International migration is reshaping politics, economics, and social relations around the world. No longer confined to the traditional countries of immigration, people are migrating to new areas across the globe and changing the ethnic composition of many parts of the developed and developing world. Migrant workers play a significant role in the global economy, fueling many sectors of the economy in the developed world, and serving as sources of foreign exchange for less developed countries. Many aspects of our own domestic economy could not function without migrant labor. Yet we see a backlash against immigrants.
This course will examine international migration from a historical and comparative perspective looking at why people migrate, how citizens respond to that migration, and how different states cope with migration domestically and internationally. The first part of the course looks at the changing relationship between the state, immigrants, and citizenship. We then turn to case studies. We will examine four different types of receiving states: a traditional immigrant state, a post-colonial state, a non-traditional immigrant, and a highly industrialized latecomer state.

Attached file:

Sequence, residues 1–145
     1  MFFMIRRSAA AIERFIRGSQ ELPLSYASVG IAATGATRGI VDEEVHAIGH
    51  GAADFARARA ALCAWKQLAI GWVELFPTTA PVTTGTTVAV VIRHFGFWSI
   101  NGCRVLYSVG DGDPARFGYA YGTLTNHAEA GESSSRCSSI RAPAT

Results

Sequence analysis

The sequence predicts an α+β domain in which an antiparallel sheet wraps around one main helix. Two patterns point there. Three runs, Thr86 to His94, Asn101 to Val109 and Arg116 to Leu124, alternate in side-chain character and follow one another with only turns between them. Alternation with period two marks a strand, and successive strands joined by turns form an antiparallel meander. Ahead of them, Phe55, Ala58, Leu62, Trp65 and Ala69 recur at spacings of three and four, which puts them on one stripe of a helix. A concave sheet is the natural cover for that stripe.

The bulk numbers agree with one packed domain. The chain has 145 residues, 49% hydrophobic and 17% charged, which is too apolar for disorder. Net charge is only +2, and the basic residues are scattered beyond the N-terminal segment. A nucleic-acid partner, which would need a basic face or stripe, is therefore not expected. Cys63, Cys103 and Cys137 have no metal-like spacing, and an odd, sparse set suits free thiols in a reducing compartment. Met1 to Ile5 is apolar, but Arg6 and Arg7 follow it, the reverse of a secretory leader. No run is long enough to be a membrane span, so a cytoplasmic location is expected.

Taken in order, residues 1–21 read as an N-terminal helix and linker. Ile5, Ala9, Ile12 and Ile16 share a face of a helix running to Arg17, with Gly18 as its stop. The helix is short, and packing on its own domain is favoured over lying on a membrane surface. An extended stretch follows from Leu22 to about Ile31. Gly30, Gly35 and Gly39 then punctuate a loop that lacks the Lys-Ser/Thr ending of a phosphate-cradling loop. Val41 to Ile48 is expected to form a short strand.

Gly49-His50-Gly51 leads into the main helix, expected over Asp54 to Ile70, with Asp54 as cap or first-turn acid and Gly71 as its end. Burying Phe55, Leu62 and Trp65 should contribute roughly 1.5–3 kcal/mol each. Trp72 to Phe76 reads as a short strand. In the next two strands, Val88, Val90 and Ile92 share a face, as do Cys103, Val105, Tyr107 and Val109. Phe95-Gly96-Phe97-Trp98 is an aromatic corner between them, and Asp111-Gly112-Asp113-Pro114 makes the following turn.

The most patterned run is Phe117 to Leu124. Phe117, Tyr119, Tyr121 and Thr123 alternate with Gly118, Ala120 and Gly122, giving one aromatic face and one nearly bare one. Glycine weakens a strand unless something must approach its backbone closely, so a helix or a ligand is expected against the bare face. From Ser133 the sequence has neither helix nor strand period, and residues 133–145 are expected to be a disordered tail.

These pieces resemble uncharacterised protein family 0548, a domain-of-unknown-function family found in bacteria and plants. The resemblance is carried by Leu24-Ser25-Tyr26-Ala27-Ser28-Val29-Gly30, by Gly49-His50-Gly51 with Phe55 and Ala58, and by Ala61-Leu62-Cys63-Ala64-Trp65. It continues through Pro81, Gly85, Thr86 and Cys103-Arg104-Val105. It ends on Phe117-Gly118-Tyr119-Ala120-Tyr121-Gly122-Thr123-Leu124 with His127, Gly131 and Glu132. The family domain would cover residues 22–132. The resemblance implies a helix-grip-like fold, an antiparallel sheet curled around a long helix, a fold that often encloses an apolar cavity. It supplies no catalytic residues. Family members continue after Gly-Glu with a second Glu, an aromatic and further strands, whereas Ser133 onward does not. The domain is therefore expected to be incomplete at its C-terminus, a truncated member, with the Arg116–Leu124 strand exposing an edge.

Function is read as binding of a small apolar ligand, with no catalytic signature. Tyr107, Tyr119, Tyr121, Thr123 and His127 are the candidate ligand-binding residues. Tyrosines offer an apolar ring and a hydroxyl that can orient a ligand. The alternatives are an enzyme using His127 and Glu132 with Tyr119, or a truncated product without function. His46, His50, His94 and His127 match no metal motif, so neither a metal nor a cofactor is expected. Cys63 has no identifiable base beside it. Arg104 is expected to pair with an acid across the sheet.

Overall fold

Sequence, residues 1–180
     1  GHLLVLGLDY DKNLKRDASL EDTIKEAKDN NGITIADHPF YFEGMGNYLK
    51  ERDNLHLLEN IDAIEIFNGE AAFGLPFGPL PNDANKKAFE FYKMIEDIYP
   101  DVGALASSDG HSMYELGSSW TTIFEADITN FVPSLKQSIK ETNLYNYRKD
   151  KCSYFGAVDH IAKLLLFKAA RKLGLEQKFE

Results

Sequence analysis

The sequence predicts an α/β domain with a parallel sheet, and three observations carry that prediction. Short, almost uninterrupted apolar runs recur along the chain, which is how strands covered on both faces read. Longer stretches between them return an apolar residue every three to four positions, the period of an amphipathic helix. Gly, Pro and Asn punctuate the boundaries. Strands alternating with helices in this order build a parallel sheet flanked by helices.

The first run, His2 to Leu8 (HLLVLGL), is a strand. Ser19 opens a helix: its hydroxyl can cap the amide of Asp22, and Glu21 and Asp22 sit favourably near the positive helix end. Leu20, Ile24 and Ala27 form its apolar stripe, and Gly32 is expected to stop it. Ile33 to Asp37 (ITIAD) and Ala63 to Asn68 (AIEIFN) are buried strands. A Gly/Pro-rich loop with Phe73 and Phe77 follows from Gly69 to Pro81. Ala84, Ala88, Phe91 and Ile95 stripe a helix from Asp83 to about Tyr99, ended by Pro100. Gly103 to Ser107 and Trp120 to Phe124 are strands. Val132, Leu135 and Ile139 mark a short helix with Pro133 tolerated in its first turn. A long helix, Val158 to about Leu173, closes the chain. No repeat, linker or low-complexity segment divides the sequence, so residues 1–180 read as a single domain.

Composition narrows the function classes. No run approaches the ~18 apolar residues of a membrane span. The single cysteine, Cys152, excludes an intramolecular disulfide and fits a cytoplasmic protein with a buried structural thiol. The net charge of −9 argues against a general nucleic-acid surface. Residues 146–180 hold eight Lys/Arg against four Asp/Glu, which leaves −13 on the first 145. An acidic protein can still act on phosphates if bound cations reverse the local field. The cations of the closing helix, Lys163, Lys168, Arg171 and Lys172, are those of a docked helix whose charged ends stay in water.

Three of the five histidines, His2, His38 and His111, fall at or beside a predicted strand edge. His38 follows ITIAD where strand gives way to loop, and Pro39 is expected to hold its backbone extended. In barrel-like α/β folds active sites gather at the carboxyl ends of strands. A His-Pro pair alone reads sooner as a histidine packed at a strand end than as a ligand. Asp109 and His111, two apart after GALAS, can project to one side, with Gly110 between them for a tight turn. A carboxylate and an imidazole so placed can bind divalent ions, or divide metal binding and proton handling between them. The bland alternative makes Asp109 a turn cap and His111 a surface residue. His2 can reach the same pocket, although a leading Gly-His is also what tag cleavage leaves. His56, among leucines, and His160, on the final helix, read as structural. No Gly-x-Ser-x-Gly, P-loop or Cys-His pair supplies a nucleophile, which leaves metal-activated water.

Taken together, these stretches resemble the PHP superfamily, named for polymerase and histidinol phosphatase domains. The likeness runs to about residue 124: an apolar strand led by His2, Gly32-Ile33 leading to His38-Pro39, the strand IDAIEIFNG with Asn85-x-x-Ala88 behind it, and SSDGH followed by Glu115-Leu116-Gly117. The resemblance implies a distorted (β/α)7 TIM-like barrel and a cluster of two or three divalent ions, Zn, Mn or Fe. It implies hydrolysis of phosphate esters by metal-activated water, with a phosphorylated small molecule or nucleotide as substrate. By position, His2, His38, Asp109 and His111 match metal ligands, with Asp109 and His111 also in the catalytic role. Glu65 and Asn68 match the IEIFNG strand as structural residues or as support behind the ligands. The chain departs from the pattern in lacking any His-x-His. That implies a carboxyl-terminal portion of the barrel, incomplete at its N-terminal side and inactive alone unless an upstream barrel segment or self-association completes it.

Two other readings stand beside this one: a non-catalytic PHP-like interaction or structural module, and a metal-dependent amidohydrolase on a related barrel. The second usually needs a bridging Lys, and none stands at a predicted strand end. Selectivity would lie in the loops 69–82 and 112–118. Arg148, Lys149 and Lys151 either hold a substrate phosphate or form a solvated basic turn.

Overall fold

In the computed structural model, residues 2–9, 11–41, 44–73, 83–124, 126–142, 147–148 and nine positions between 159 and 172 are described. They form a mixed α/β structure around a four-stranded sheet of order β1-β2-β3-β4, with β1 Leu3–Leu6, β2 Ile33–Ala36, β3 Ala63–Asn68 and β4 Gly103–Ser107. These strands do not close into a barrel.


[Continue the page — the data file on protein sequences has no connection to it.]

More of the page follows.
Subfield: International Relations
NOTE: Students who took PS 138F "Immigrants, Citizenship, and the State" with Professor Gurowitz cannot take this course due to the substantial similarity in course content.
The Junior Seminars are intense writing seminars which focus on the research area of the faculty member teaching the course. The seminars provide an opportunity for students to have direct intellectual interactions with faculty members while also giving the students an understanding for faculty research.
Political Science Majors of Junior and Senior status (must be 3rd or 4th year students with at least 60 units completed). Priority may be given to students who have not yet taken a junior seminar.